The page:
Caption: Navaka farmer Mr. Josaia Rawamila and his family at the newly constructed foot-crossing that has improved accessibility for them and many other who use the infrastructure to get to and from their homes and plantations daily.
SUVA – Decades of having to access their homes and plantations using a coconut trunk is now history for villagers of Navaka in Rewa.
This after the Government, through the Ministry of Rural and Maritime Development and Disaster Management and the United Nations Development Programme’s (UNDP) Governance for Resilient Development in the Pacific (Gov4Res) Project worked with the village to provide improved access to and from their homes with the construction of a foot-crossing.
Navaka farmer Mr. Josaia Rawamila says the new and improved foot-crossing has eased a lot of burdens for them.
“I was brought up here but was away for a few years for work. I returned to look after my late mother when she became ill. She was a diabetic patient and both her legs were amputated. During that time, we were still using coconut trunks as a crossing to get to and from our home. This was the time that I found movement and accessibility to and from home very challenging,” Mr Rawamila recalled.
“I used to find a lot of difficulties in taking my late mother for her hospital reviews. Whenever she has to go for clinics, I will have to carry her on my back and go across using the coconut trunks. I would make sure that I am able to take her no matter the situation. Sometimes she would cry because she would see how difficult it was for me to take her across on my back. Despite the challenges in accessibility, I’d always make sure that she attends her clinic days”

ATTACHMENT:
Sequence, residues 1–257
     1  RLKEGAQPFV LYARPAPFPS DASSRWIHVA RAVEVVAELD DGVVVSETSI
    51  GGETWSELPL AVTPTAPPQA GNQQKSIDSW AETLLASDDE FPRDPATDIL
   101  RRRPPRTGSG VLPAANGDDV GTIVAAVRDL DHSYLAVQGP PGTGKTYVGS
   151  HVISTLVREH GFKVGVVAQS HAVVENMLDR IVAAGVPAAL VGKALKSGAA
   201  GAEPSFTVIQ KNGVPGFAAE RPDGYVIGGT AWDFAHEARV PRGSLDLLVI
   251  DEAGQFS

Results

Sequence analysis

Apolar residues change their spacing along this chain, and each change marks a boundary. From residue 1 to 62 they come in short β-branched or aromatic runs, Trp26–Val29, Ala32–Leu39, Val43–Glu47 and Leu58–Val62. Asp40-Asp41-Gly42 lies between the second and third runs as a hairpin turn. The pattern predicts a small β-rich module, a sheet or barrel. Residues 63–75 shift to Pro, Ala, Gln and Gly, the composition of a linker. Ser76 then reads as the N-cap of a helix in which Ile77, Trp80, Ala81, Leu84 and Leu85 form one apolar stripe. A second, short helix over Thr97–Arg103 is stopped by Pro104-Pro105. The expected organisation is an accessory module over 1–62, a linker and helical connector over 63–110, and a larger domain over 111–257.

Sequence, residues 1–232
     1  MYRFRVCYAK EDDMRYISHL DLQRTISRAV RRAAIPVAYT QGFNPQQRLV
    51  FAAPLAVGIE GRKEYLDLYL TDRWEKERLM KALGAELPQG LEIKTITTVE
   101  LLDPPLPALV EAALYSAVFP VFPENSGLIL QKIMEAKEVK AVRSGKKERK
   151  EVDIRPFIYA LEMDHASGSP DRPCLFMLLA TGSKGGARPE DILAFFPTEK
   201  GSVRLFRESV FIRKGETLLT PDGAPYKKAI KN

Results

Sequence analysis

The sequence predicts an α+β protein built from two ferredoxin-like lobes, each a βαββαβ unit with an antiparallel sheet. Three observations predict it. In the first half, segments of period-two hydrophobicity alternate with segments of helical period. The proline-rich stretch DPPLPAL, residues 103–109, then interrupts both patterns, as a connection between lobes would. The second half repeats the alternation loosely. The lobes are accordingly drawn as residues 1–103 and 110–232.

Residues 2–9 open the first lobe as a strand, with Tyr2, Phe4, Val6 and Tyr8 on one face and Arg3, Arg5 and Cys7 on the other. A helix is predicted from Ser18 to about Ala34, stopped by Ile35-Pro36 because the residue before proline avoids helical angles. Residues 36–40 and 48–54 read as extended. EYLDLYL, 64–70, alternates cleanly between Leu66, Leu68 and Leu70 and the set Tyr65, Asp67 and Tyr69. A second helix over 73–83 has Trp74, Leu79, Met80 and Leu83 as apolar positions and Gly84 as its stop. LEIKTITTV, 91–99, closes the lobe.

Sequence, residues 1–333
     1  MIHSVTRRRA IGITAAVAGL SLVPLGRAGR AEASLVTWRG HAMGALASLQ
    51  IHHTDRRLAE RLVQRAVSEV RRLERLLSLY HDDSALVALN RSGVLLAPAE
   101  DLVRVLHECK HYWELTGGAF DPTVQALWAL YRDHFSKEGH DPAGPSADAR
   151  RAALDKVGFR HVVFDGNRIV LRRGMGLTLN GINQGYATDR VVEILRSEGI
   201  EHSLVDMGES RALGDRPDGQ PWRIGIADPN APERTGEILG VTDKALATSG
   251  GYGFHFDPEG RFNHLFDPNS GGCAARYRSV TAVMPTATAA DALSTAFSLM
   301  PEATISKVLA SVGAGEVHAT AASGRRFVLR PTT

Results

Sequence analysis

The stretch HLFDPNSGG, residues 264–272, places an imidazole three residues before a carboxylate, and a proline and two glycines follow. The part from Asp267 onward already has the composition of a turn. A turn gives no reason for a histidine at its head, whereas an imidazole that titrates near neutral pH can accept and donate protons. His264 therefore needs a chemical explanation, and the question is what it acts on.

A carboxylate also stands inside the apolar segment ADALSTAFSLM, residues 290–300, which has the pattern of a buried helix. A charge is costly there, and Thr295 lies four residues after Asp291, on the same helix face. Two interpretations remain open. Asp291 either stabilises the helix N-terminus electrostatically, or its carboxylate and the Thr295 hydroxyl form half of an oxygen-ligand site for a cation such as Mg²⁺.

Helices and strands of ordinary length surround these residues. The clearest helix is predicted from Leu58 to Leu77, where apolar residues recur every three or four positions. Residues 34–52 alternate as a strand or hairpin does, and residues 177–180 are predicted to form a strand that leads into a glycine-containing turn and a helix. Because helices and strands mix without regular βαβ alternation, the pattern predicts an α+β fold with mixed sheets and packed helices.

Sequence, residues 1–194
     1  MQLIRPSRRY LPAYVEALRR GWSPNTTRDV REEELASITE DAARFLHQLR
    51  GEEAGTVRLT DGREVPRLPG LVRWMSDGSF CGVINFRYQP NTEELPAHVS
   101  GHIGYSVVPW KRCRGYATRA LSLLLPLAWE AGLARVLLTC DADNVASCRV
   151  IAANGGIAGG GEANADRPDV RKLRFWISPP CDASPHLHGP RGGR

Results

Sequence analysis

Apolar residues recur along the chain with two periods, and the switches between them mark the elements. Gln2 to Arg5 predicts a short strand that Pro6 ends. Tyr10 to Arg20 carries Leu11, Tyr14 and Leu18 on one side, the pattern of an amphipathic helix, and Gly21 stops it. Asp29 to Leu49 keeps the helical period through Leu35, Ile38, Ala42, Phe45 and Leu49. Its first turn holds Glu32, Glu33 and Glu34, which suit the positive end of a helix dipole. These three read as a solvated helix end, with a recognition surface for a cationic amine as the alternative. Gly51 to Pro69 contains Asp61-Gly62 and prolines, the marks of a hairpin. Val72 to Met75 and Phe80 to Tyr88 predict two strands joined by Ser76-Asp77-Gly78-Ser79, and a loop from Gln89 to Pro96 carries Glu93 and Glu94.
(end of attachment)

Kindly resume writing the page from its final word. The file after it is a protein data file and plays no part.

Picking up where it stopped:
“My uncle too who was very frail would end up not going to places he wanted to go at times because of the state of the coconut trunks we were using to get to the other side of the village. I would then have to help him get across, and wait for him to return so I could assist him in coming across. It was really hard.”
Navaka villager Ms. Emily Tukana says in the past, villagers especially women and children were exposed to a lot of risks as the coconut trunks were unsafe.
“Whenever there is a high tide, the coconut trunks would be floating and we would have to walk really slowly to ensure that we do not fall into the swamp,” Ms Tukana said.
The Navaka Village Foot-crossing Project took into consideration climate change and disaster risks both to and from the project. Risk management measures were also identified and incorporated into the implementation of the project to ensure it is inclusive, sustainable, and resilient.
The project is disabled friendly and also included the installation of solar lights to ensure the safety and security of members of vulnerable groups at night.
“This new crossing has really brought a lot of relief to us. It will really help us a lot, especially our women and children in going to school, work, or to visit health facilities,” Mr Rawamila added.
The Ministry of Rural and Maritime Development and Disaster Management is responsible for implementing development strategies that bring Fijians living in rural and maritime regions the same level of access to essential services and economic opportunities as anywhere else in the country. We coordinate and implement the Fiji Government’s rural and maritime development initiatives with a mission to empower Fiji’s rural sector. We also spearhead disaster risk reduction initiatives at national and sub-national level including disaster preparedness, response, and recovery. We have offices for each of Fiji’s 14 provinces including Rotuma, leading the Fiji Government’s rural development and disaster risk management operations.
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